by Philip Metres
Harder than I imagined, her
pregnant belly, the thick rind
of womb pliable yet taut. O
sweet shield of flesh. Lighter
apricot her placid skin. Yet
something fins its trouble
just beneath the surface, fist or foot
probing bounds of the sudden
aquarium. Not quite Rodin’s
“Gates of Hell,” seething limbs
clothed in stone—but the same thrusting
impeded, gloved by a half-globe.
How it bounces when she’s sitting
and laughs, a basketball dribbled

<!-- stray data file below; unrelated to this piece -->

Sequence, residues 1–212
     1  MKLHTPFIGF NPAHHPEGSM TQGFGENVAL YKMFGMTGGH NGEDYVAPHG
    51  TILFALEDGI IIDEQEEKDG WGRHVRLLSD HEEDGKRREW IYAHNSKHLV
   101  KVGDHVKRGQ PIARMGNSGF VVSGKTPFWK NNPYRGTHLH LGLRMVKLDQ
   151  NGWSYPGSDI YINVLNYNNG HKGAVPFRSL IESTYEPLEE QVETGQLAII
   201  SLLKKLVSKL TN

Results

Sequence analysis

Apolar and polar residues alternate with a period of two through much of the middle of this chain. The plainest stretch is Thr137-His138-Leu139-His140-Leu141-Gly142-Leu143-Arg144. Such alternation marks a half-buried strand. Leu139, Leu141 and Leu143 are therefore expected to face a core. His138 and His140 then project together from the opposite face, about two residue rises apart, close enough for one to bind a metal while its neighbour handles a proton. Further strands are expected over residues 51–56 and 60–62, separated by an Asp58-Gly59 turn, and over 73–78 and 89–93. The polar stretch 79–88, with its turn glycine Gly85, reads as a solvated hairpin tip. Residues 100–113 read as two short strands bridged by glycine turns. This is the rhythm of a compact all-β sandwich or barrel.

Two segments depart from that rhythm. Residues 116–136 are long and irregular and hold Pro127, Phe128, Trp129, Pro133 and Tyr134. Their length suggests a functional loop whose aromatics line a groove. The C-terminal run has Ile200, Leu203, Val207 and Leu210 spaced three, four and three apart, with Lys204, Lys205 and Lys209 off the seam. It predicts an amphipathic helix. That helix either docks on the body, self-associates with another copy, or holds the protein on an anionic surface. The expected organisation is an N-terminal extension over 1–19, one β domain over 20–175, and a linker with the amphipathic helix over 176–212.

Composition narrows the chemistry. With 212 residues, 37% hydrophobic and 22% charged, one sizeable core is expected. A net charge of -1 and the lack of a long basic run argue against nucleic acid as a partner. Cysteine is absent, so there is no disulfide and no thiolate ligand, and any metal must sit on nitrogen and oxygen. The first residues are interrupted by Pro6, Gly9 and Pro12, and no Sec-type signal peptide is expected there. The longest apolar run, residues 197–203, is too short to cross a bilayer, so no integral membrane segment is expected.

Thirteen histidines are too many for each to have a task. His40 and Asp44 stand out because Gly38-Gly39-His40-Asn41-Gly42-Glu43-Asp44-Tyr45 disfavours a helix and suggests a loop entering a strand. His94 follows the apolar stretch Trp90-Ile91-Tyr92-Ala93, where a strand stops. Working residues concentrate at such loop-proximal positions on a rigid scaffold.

in ribs. How it’s between us,
when she turns toward me in bed,
how it strains my reach when she
turns away. Hauled without hands.
Dragged bag of sugar, coiled
sleeping boa constrictor.
PHILIP METRES is the author of Pictures at an Exhibition (2016), Sand Opera (2015), I Burned at the Feast: Selected Poems of Arseny Tarkovsky (2015), To See the Earth (2008), and others. His work has garnered a Lannan fellowship, two NEAs, the Hunt Prize, Arts & Letters, two Arab American Book Awards, the Cleveland Arts Prize and a PEN/Heim Translation Fund grant. He is professor of English at John Carroll University in Cleveland.